Skip to Main Content

Sabres 3, Maple Leafs 1 @NHLdotcom

BUFFALO, N.Y. (AP) - The Buffalo Sabres showed they can still win a low-scoring game.

Chris Drury had two goals and an assist, and Mike Grier scored the tiebreaking goal in the third period to lead the Sabres to their eighth consecutive win, 3-1 over the Toronto Maple Leafs on Thursday night.

The Sabres had scored at least six goals in each of their last four games, tying a franchise record that was last accomplished in 1982.

"That's more our game," Drury said. "We were able to play our style. But we'll take them any way we can get them right now."

The Sabres improved to 15-1-2 in their last 18 games. Coupled with Ottawa's shootout loss to Boston on Thursday, Buffalo closed to within one point of the Northeast Division-leading Senators.

"It's nice to be rolling and have some confidence," Grier said.

The Sabres and Senators meet on Saturday night in Ottawa.

"There's no quit in this team," Sabres coach Lindy Ruff added. "You can't get much hotter."

After going around Toronto defenseman Aki Berg in the left circle, Grier's first shot was stopped by Toronto goalie Mikael Tellqvist from close in. Grier corralled the rebound and banged home his seventh goal of the year with 11:46 left.

"Those are the kind of errors that have bitten us all year long," a frustrated Toronto coach Pat Quinn said. "That's why we're struggling for a playoff spot."

The 11th place Maple Leafs remained five points behind eighth-place Montreal in the race for the final Eastern Conference playoff slot.

Ryan Miller finished with 27 saves for the Sabres, who last won eight straight during a franchise-record 10-game streak in January 1984.

Miller allowed 14 goals in his previous three starts, and was pulled after two periods in Buffalo's 6-5 victory over Philadelphia on Saturday. He helped preserve this win with five saves late in the third period after Drury was assessed a double-minor for high-sticking Toronto's Jason Allison.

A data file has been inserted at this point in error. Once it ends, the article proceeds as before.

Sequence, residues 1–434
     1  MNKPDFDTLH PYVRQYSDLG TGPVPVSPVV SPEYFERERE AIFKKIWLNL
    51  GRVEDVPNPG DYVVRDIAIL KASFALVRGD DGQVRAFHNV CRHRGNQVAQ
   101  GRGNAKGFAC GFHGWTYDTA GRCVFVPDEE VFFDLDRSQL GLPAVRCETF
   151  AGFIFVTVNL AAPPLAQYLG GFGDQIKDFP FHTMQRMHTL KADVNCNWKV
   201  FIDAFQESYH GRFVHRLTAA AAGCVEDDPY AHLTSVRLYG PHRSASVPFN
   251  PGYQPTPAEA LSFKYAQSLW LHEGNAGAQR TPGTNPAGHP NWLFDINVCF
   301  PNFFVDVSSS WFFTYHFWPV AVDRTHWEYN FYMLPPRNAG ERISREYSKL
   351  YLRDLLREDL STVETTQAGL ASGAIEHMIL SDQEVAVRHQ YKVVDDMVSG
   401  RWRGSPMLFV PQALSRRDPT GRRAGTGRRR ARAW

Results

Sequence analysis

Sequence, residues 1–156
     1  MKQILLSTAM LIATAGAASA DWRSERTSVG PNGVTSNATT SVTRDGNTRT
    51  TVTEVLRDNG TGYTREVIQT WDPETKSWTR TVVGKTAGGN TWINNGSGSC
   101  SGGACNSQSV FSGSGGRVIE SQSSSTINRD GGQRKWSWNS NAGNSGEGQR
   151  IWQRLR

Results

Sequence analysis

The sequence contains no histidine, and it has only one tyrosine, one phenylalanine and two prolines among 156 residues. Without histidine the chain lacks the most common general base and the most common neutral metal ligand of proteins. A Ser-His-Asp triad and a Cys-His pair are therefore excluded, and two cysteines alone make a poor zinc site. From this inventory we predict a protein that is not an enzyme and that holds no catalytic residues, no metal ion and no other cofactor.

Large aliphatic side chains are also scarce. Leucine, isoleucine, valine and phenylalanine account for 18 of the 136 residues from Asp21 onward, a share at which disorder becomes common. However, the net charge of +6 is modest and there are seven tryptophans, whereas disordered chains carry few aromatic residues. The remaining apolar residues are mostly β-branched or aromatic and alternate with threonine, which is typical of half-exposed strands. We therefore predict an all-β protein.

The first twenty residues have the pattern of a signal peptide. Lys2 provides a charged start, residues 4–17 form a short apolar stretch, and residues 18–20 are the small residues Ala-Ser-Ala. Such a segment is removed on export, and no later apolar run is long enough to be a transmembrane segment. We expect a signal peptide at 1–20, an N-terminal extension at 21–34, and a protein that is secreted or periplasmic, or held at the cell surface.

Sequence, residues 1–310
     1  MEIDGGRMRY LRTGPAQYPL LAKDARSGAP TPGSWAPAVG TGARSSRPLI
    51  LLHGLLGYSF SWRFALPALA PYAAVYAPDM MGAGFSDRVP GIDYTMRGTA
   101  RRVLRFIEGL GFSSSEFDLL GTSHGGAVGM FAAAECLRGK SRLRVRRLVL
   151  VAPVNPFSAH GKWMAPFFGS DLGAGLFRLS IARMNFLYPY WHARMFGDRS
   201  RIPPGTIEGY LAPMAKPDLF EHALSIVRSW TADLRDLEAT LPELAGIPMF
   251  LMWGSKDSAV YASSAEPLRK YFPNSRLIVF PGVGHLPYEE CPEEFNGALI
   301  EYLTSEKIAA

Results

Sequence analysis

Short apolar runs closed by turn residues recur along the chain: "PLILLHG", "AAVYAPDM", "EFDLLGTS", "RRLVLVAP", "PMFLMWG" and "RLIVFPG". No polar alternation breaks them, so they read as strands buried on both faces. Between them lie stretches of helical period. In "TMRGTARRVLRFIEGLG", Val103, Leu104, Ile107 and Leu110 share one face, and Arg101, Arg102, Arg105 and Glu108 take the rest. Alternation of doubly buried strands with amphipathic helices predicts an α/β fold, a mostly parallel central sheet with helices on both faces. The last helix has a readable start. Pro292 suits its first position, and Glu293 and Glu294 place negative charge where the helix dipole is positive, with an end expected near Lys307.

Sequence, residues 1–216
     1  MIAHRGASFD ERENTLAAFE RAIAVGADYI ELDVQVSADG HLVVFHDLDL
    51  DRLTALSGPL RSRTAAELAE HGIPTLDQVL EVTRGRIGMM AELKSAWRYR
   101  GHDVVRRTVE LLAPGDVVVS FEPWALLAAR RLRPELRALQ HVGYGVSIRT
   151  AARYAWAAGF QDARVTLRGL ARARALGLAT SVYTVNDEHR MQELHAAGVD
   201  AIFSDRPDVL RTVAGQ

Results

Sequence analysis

"It always helps a goaltender when he makes a difference," Miller said. "I don't think I was as aggressive as I needed to be, and tonight I just wanted to have fun and play hockey."

Drury iced the game with a short-handed, empty-netter with 59 seconds left.

Mats Sundin scored for the Maple Leafs, who had their two-game winning streak snapped. Toronto is now 4-14-3 in Buffalo since 1996.

"I thought we played as good as we've played in this rink for a long time," Sundin said. "If we have the same work ethic we had tonight we have a good chance to make the playoffs."

After a scoreless first period, Drury's power-play goal gave the Sabres a 1-0 lead at 8:32 of the second.

Toronto had the possession edge in the second period, but Buffalo's collapsing defense held the Maple Leafs' shooters to the perimeter. The Sabres also blocked six shots in the period, including three by defenseman Jay McKee.

When the Maple Leafs were able to finally get the puck on net, Miller was there to stop them.

"He was strong for us, and looked comfortable," Ruff said about his goalie.

Sundin tied it at 1 on the power-play at 4:33 of the third, scoring his 17th of the season.

Tellqvist finished with 30 saves, and was making his third straight start in favor of Ed Belfour. Belfour received an injection in his back earlier this week to help combat some inflammation, and is expected to be sidelined at least for a week.

Notes: Sabres forward Tim Connolly didn't play because of a sore knee, and is day-to-day. Connolly originally hurt the knee in late January, and missed 12 games before returning on March 9 against Tampa Bay. ... Sabres forward Jochen Hecht left the game late in the second period and did not return with a bruised knee. Hecht limped off the ice after stopping awkwardly behind Toronto's net. ... Buffalo had scored at least one goal in eight consecutive periods until being held without one in the first period. ... Toronto forward Jeff O'Neill was a healthy scratch for the third straight game.

View More

The NHL has updated its Privacy Policy effective January 16, 2020. We encourage you to review it carefully.

The NHL uses cookies, web beacons, and other similar technologies. By using NHL websites or other online services, you consent to the practices described in our Privacy Policy and Terms of Service, including our Cookie Policy.